Xen and the Art of Motor Car Maintenance


Posted on: Oct 04, 2011 by Guy Lidbetter

What follows is a true story …

Some time ago I mislaid my keys.  This was a disaster for all kinds of reasons but by far the biggest was the fact that they contained key fobs for 2 cars.  Before drawing the wrong conclusions regarding my high rolling lifestyle, one was Japanese, the other Korean and I stress that both are excellent vehicles in every respect to suit the modern family lifestyle.  I faced the music with the newer car first, being my main means of automotive transport. This resulted in a bill from the dealer of £250 for a new piece of silicon embedded into a lump of plastic and I was assured of the complexity of the task to marry the new device to the existing car using the manufacturer’s specialised equipment. Nice work if you can get it.

£250 poorer, I was faced with the same task for the older and, truth to say, less well cared for machine.  Laying out a similar sum which represented about 15% of the value of the car (indeed, it was truly neglected) was not compelling so I turned to anyone’s best friend in such a situation, the web.  It turned out that the device itself could be acquired through online auction site E for about £25, the source presumably coming from the modern day equivalent of what I once knew to be a breakers yard.  So, the device was obtainable but what of the manufacturer’s specialised equipment to connect to my decrepit car?  My next best friend was to search on G, although I’m sure B and Y would have done just as well.    I’m not a big fan of geekdom sites in which outnerding the nerds becomes the main objective regardless of whatever the original question was.  Nevertheless, I dutifully typed in a suitable insightful search string and found the following …

  1. Remove the ignition key and close all of the doors.
  2. Open the driver’s side door.
  3. Insert the key into the ignition switch.
  4. Repeat the following three times within 10 seconds: Turn key to ON and then back to LOCK position.
  5. Key should now be in lock position. Do not remove the key.
  6. Repeat the following three times : Close and then open the drivers door.
  7. Drivers door should now be open and all doors will lock and then unlock.
  8. Push any button on the transmitter twice.
  9. Doors will lock and then unlock indicating that transmitter is programmed.

To stress again, this is absolutely true.

Further down the trail was an entry that supported my suspicion that it was a scam intended for people to make idiots of themselves.  Nevertheless, what could I lose apart from my dignity so I went through the ritual of actions, pressed the fob button twice and …. nothing happened.  “Hah, told you so … you mug!”.   However, the instructions were quite insistent that the timing was important and I had dithered at a number of points in the process.  So I went through the actions again in a slicker more informed manner, pressed the fob button and ….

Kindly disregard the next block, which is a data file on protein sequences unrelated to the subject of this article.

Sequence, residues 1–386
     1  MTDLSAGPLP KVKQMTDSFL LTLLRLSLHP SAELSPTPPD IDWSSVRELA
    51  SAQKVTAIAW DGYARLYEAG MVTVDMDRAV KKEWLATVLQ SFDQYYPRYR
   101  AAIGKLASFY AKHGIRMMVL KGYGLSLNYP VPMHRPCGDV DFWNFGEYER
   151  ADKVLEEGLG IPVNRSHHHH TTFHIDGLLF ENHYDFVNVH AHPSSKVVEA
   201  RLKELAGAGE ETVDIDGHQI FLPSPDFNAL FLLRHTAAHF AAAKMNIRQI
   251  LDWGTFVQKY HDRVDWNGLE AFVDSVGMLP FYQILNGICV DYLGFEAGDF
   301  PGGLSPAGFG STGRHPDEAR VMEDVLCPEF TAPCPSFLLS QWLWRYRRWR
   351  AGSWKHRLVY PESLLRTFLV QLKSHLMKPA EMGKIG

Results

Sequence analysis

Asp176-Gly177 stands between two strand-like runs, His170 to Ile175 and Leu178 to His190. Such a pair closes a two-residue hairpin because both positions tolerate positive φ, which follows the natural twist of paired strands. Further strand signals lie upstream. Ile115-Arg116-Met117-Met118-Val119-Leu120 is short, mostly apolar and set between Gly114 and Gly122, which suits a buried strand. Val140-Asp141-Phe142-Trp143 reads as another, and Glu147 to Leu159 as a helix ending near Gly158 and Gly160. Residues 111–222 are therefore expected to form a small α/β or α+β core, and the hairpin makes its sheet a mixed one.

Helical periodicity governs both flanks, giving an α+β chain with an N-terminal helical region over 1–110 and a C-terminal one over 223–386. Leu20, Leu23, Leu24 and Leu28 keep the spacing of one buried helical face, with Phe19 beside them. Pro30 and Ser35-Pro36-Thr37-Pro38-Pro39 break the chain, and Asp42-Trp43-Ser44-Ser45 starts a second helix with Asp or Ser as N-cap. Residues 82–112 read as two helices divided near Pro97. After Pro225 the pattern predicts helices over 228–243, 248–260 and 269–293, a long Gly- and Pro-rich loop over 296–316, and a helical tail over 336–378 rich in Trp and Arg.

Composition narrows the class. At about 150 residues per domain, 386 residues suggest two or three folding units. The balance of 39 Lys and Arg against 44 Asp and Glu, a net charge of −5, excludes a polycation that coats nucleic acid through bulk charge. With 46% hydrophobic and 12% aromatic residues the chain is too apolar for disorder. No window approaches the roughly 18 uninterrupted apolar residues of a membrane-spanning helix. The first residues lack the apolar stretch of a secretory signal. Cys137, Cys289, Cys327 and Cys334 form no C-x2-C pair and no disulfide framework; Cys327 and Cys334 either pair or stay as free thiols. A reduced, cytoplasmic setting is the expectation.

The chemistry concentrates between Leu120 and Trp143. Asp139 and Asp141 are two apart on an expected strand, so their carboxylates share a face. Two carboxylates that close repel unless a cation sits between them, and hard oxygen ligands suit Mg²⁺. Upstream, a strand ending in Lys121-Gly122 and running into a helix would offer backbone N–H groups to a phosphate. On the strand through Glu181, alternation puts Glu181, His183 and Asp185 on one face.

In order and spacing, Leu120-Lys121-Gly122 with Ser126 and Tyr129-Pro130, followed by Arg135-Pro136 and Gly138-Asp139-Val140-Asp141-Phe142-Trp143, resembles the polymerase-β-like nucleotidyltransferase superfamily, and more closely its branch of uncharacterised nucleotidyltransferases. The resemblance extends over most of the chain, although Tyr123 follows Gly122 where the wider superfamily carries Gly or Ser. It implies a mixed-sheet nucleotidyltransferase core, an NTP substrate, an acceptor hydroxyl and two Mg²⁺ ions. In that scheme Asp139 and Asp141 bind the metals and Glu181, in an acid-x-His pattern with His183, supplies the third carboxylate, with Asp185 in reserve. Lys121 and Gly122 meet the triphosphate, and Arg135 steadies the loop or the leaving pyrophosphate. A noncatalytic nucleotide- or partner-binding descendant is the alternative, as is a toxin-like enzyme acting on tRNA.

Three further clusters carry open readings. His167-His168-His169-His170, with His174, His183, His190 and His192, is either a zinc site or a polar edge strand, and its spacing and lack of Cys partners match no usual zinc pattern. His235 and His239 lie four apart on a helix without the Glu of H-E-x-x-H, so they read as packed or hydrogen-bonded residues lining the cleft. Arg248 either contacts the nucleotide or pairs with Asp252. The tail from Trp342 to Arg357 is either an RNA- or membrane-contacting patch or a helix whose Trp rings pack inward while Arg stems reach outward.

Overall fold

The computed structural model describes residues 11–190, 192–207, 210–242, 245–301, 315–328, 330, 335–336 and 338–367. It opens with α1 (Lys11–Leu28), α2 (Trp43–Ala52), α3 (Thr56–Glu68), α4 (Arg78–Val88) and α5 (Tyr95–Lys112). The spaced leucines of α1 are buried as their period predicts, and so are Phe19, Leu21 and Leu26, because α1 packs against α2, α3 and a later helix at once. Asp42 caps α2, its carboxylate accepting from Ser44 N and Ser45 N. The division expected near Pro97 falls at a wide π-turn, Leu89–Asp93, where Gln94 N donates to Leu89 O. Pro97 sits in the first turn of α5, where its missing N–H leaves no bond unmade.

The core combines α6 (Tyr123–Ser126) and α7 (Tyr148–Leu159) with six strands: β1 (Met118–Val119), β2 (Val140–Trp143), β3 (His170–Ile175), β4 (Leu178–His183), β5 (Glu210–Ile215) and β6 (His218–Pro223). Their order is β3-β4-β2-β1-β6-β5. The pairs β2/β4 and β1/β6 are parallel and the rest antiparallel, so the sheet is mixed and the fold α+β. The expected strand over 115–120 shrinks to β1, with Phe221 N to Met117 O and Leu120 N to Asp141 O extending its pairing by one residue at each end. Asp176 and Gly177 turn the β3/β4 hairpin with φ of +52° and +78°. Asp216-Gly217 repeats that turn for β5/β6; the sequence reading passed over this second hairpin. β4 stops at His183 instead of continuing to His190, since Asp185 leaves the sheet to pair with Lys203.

… the doors locked themselves, the hazard lights flashed once, the fob became fully operational and I uttered a common phrase in Anglo Saxon vernacular that can’t be repeated here.

I must stress the following.  It is not my place or intent to question the business models of companies that have to face the reality of market forces.  I have nothing but good to say of the purveyors of my vehicles.  However, the web has brought us many things, one of which is more choice and another better access to information.  The moral of the tale is therefore threefold …

- However complex you make your gadget for others to get into to, make sure you keep it simple for yourself and, crucially not observed in this case, make sure no one else finds out.

- Don’t assume that the obvious answer is the only answer.  I am no social networker but I do understand the power of the network.  Despite its apparent ridiculous nature, in this instance, having access to the key (pun intended) knowledge saved me about £225.

- Most importantly, Car manufacturers like so many other businesses are facing price commoditisation of their core product and therefore need to make their money by other means which usually means consumables (where possible) and services.  Airlines, car makers, printer manufactures and everyone else are having to work this out. This includes the IT industry and right now, we call it Cloud Computing which is becoming a genuinely different way of providing, consuming and paying for IT infrastructure, applications and services.

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About Guy Lidbetter

Chief Technology Officer, Infrastructure & Data Management. Atos Fellow and member of the Scientific Community
With over 30 years of experience in the IT services industry, as CTO for Atos Infrastructure & Data Management, Guy is responsible for setting Technical and Innovation Strategy across the IT infrastructure stack in both cloud and non-cloud delivery models. He is also responsible for senior level relationships with technology leaders of strategic partners. Previously, he has held numerous technical and management positions in Sema Group, SchlumbergerSema and Atos Origin. In 2017 Guy was appointed an Atos Fellow and is also a founder member of the Atos Scientific Community, most recently sitting on the Editorial Board for the latest Ascent magazine, “Imagining our Quantum Future’.  He has a passion for sport, particularly Chelsea Football Club, baseball’s Atlanta Braves, rugby union and cricket. He also walks, cycles and more leisurely pursuits include photography, reading, music and attempting cryptic crosswords with varying degrees of success.

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